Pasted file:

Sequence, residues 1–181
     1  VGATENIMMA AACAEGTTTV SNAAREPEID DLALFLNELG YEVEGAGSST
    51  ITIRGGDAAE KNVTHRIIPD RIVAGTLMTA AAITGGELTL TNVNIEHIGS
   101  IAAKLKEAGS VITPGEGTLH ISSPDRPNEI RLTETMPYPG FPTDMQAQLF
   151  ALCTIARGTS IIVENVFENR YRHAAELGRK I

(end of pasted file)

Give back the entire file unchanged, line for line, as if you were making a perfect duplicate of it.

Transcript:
Sequence, residues 1–181
     1  VGATENIMMA AACAEGTTTV SNAAREPEID DLALFLNELG YEVEGAGSST
    51  ITIRGGDAAE KNVTHRIIPD RIVAGTLMTA AAITGGELTL TNVNIEHIGS
   101  IAAKLKEAGS VITPGEGTLH ISSPDRPNEI RLTETMPYPG FPTDMQAQLF
   151  ALCTIARGTS IIVENVFENR YRHAAELGRK I